I also use to work on a major condominium back in the 80's that was all solar and wood, no back up heat. They had installed coils inside of the stoves (stainless steel) which were then connected to the solar storage tanks, which were connected to baseboard heaters. I got a call from one owner about a steam explosion in the ceiling below his stove. I found a 3/4" type L copper tube that had parted company and had imbedded itself in a 2 X 10 floor joist. I could not pull it out. I cut it off and capped it and told him he was going to have to install a conventional heat source.



    Don't do it.



    ME
    It's not so much a case of "You got what you paid for", as it is a matter of "You DIDN'T get what you DIDN'T pay for, and you're NOT going to get what you thought you were in the way of comfort". Borrowed from Heatboy.
  • Mark EathertonMark Eatherton Posts: 5,843Member
    It had one...

    That someone had plugged off because it kept leaking.....



    So much for safeties.



    I had a T&P at my storage tank, which was maybe 30' away from the hot stove.



    ME
    It's not so much a case of "You got what you paid for", as it is a matter of "You DIDN'T get what you DIDN'T pay for, and you're NOT going to get what you thought you were in the way of comfort". Borrowed from Heatboy.
  • Rich Davis_2Rich Davis_2 Posts: 91Member
    Can Work If Done Properly

    Over 40 years ago, when I was first married we lived in a 3 room flat in Glasgow Scotland.  This is the time before central heating, natural gas or any other convenience.  Almost all places were heated with coal fireplaces in every room except the bath.  The fireplace in the kitchen had what was called a back boiler which was a HE that was located behind the brickwork in the fireplace back there was a sliding plate that caused the heat to be sucked from the flame up behind the brickwork past the HE.  The pipes from the fireplace were connected to a large tank (30-40gal) that was located up in a cabinet close to the sink (there were 14' ceilings).  This tank was open to atmosphere.  The water circulated by thermosyphon.  It work OK lots of hot water.  Later when the coal fires were on there way out, they just stuck electric heating elements in the tanks and called them immersers that you turned on about a half hr before you wanted not water.  The big disadvantage was you had to have a fire in the summer just to have hot water.  And to what most people think it can get pretty warm in the summer.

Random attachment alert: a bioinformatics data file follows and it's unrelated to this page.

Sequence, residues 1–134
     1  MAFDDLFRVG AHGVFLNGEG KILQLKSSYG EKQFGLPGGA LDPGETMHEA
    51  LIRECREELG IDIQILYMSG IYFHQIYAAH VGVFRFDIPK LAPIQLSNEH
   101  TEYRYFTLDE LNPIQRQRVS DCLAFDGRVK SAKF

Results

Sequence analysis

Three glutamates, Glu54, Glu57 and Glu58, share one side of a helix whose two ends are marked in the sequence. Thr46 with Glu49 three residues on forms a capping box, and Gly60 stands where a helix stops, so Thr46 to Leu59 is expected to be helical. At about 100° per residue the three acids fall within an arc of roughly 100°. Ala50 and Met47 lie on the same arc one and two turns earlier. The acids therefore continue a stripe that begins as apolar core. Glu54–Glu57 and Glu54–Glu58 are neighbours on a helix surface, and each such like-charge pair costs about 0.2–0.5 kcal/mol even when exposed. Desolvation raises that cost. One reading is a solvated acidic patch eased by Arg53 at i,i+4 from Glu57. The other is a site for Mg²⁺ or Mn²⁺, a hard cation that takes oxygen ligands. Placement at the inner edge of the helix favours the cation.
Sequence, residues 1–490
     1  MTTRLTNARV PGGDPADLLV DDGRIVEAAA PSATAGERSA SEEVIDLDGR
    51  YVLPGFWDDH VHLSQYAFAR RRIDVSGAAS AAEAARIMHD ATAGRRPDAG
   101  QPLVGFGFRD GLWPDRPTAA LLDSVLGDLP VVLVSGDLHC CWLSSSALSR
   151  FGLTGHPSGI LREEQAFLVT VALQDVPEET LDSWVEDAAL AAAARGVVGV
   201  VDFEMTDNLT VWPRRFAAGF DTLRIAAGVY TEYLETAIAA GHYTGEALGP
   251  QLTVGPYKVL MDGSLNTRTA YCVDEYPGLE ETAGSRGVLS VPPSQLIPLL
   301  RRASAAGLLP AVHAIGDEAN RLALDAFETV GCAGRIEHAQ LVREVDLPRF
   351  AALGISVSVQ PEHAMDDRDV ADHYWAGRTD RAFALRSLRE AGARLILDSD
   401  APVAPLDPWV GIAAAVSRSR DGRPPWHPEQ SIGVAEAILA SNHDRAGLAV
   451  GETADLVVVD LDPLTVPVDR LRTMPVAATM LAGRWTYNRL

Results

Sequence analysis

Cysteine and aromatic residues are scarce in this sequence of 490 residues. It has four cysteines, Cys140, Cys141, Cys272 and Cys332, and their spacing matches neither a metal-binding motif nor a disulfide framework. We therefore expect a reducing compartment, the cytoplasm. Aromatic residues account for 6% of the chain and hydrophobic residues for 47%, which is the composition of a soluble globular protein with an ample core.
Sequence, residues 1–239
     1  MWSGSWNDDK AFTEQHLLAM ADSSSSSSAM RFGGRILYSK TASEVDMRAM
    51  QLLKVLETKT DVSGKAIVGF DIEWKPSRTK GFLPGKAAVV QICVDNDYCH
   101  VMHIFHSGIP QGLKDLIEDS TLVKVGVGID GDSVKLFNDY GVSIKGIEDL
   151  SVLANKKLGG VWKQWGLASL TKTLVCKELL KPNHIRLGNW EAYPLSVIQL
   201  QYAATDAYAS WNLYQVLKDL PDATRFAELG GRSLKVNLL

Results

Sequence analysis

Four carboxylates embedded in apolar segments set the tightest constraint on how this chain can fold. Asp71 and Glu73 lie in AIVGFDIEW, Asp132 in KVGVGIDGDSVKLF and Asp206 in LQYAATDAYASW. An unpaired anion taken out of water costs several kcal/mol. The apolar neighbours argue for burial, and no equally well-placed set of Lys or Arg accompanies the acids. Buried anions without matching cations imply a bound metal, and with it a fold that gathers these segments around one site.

• Charlie from wmassCharlie from wmass Posts: 4,081Member
    Hello Rich

    My Father was working in the trade in Glasgow from 1953 to 1958. He is the one who just shakes his head when I talk of people wanting to do such things. In fact he would moonlight installing those heaters for spending money. Wiped lead pipe and all. What area of Glasgow were you in? He was near Possil Park, but did his trade through out the city. Even in the Gorbals.
    Cost is what you spend , value is what you get.

    cell # 413-841-6726
    https://heatinghelp.com/find-a-contractor/detail/charles-garrity-plumbing-and-heating
  • Rich Davis_2Rich Davis_2 Posts: 91Member
    Lang May Your Lum Reek

    Charlie,

      I was one of those terrible yankee sailors stationed down at the Holy Loch sub base.

    I used to stay  on my days off with a family in Provanmill, my wife is from Dennistoun  by Alexandra Park and when we married we lived in Bridgeton near the cross.  Glasgow in the 60's was a totally different place than today.  We go back every year  or so.  It was a real neat place to come of age.  So many intresting things to see and do.